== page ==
Just over 100 days into his tenure at the helm of Chelsea and we've heard far more from Todd Boehly than we did from Roman Abramovich in nearly two decades. From a fan's perspective, it doesn't really matter in the long-term. As long as the club is seen to be well-run and successful, most can do without communication from the owner, which is why Abramovich was loved by most Chelsea supporters while Manchester United's silent owners, the Glazers, are loathed by most United fans.

The issue with Boehly, who leads the investment consortium that acquired Chelsea for around $3 billion in the summer, is that the club isn't doing well. To the natural angst of a new owner after 20 years of stability and success, you throw in the sacking of manager Thomas Tuchel -- especially after the summer's massive investment -- and a turgid start to the campaign and naturally, every word will be scrutinized.

So when Boehly sat down on Tuesday for a half-hour chat in New York at the SALT Conference, a global thought leadership and networking forum, the world was watching.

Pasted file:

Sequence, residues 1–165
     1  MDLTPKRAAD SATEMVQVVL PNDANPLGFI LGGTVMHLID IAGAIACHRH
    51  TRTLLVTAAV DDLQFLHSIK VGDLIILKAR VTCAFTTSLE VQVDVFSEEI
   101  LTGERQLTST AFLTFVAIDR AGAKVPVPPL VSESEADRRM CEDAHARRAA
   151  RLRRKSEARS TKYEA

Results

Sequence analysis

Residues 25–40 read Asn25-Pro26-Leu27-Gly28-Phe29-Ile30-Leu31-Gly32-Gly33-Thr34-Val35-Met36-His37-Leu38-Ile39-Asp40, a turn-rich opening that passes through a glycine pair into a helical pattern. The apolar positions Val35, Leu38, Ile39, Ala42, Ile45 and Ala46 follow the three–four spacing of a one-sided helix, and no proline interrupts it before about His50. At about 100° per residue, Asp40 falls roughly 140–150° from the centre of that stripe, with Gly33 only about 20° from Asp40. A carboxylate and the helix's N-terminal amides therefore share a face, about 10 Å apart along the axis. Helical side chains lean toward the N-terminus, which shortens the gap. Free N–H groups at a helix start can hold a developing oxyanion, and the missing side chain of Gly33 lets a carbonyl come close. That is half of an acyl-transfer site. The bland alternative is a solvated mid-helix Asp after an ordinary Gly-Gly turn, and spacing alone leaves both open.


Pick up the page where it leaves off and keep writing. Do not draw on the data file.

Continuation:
Inevitably, some will focus on Boehly's blunders, malaprops and general things that will rub seasoned fans the wrong way. I'd be remiss not to chronicle them though in the larger scheme of things, they're nowhere near as relevant as to the main takeaway. Which, to me, is simply that Boehly's group isn't offering anything new.

But let's get the missteps out of the way first, because that's undoubtedly what you're reading in the headlines.

Boehly said that every club in the Premier League gets "north of a few hundred million" (he didn't specify pounds or dollars) per year, which isn't quite true. Last season, the highest earner, Manchester City, received £164m ($190m) and the bottom club, Norwich City, got £98.6m ($113.8m).

When rattling off a list of players who came through Chelsea's youth system, he included Kevin De Bruyne and Mohamed Salah. In fact, they were signed at 21 and 22 years old respectively from Genk and Basel. While they weren't particularly expensive and were young, both were internationals (for Belgium and Egypt) who had already played Champions League football.

He also managed to butcher the name of Barcelona's academy -- somehow making "La Masia" sound like "La Messiah" -- which suggests that after a summer of talking to Barca regarding Frenkie de Jong, Marcos Alonso and Pierre-Emerick Aubameyang, he didn't quite pick up on how the Catalans pronounce it, and nobody around him has the confidence to correct him.